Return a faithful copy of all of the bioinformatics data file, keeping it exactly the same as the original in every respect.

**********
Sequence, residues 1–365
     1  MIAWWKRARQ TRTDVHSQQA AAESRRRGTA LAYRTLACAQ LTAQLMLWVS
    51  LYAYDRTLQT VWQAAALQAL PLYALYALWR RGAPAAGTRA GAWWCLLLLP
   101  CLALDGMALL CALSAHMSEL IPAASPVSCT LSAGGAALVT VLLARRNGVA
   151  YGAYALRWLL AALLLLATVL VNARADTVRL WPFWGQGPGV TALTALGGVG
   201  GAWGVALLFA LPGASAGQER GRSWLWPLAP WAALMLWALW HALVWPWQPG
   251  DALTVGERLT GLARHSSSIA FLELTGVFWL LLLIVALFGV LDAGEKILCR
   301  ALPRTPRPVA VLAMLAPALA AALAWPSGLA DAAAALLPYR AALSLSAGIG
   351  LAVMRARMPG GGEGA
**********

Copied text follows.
Sequence, residues 1–365
     1  MIAWWKRARQ TRTDVHSQQA AAESRRRGTA LAYRTLACAQ LTAQLMLWVS
    51  LYAYDRTLQT VWQAAALQAL PLYALYALWR RGAPAAGTRA GAWWCLLLLP
   101  CLALDGMALL CALSAHMSEL IPAASPVSCT LSAGGAALVT VLLARRNGVA
   151  YGAYALRWLL AALLLLATVL VNARADTVRL WPFWGQGPGV TALTALGGVG
   201  GAWGVALLFA LPGASAGQER GRSWLWPLAP WAALMLWALW HALVWPWQPG
   251  DALTVGERLT GLARHSSSIA FLELTGVFWL LLLIVALFGV LDAGEKILCR
   301  ALPRTPRPVA VLAMLAPALA AALAWPSGLA DAAAALLPYR AALSLSAGIG
   351  LAVMRARMPG GGEGA